Scott Walker, born Noel Scott Engel in 1943, is nearly as old as rock music and pop music, if you will, having gotten his start as a teenage singer in the 1950s, in the wake of the commotion caused by Elvis Presley’s success. In the United Kingdom, he is mostly known or remembered as the lead singer of 1960s band The Walker Brothers and as an immense Pop star back then, who went solo in 1967 and released in quick succession four albums of delicate and timeless Pop music, backed-up by soaring orchestras that enhanced his famous baritone voice. He’s also credited as introducing Belgian singer Jacques Brel to an English- speaking audience by being the first one to cover his songs, later sung by the likes of David Bowie and Marc Almond.
The story goes that Scott Walker lost himself in the 1970s by recording mediocre albums of middle-of-the-road standards, before resurfacing as an avant-garde musician in 1995 with his record Tilt, following in the footsteps of earlier attempts, his 1984 solo record Climate of Hunter and the four songs he composed for the Walker Brother’s final album Nite Flights, after they had briefly reformed for a failed come-back. This story is of course incomplete, and as such has only served to grow a myth, about a reclusive and mad genius who releases a new masterpiece once every decade, using strange sound-making techniques and devices in the studio.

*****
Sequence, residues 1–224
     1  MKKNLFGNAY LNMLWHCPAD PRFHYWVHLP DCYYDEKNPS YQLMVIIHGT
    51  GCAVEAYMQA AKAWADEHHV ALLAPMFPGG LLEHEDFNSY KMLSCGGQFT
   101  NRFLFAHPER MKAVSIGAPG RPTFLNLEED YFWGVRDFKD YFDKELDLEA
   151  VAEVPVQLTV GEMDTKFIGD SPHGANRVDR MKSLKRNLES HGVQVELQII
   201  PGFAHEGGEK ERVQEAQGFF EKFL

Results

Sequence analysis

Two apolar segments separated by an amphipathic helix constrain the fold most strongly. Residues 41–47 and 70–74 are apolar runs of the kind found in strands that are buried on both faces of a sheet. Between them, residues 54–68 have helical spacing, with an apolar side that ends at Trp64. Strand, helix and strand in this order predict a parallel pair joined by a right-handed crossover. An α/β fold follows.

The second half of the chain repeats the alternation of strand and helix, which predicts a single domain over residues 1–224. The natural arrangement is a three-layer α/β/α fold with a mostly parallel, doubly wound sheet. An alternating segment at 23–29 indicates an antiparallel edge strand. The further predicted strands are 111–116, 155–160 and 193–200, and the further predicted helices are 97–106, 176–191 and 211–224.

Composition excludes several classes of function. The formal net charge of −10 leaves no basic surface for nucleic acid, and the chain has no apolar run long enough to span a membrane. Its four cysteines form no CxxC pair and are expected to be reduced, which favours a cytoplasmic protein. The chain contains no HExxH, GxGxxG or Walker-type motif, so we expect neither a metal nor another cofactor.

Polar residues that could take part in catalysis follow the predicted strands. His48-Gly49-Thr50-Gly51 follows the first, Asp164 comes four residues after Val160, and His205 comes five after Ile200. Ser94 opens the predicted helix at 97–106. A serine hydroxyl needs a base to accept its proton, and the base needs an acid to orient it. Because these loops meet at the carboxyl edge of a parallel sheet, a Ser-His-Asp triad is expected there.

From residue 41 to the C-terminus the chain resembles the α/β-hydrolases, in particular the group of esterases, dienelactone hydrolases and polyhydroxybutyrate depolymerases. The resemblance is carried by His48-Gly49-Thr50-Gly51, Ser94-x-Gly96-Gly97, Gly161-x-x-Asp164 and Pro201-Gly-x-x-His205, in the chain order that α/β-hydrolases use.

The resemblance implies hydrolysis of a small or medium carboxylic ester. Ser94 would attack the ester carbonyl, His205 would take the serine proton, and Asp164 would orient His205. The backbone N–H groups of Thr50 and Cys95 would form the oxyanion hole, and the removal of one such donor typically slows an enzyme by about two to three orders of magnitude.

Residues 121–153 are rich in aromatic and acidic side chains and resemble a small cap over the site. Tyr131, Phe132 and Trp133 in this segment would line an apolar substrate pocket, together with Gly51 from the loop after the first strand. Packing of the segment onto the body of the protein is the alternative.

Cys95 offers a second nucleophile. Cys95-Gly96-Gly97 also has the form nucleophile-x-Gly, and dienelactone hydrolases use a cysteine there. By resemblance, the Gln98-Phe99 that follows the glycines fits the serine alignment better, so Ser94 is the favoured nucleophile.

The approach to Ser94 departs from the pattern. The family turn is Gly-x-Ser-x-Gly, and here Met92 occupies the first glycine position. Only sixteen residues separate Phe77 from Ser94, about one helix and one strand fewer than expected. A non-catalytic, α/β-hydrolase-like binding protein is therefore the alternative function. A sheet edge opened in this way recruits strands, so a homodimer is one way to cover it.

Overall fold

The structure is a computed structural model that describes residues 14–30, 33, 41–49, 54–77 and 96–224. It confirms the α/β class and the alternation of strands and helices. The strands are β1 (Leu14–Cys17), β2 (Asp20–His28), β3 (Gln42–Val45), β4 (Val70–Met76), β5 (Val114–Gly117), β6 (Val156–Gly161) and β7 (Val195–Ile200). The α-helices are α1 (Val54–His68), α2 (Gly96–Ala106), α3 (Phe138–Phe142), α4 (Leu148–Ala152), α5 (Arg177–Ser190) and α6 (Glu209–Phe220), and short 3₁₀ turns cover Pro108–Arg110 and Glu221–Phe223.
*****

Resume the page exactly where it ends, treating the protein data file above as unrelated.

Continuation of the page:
The reality is probably more complex, his glacial rate of delivery having to do with record companies’ corporate issues and with their need for commercial pragmatism, in addition to Walker’s own self-avowed slow rate of production.
The result of this complicated tale we’ve been fed however is that there seems to exist a split within his audience, between the part that grew up accustomed to his magnificent but still largely conventional music, and a newer one more interested in his recent adventurous 
output. That some people might enjoy both is rarely acknowledged, not least by the artist himself who’s convinced his old 1960s fans cannot abide his newer music. A quick look at comments on video sharing websites or social networks appears to confirm this: “rubbish”, “garbage”, “crap”, “trash”, or the ultimate crime, “pretentious” have been used to describe his recent songs, while some people, seemingly unaware Walker likely doesn’t read their comments, use the same pages to plead or demand he “goes back to his old style, to accommodate his fans”.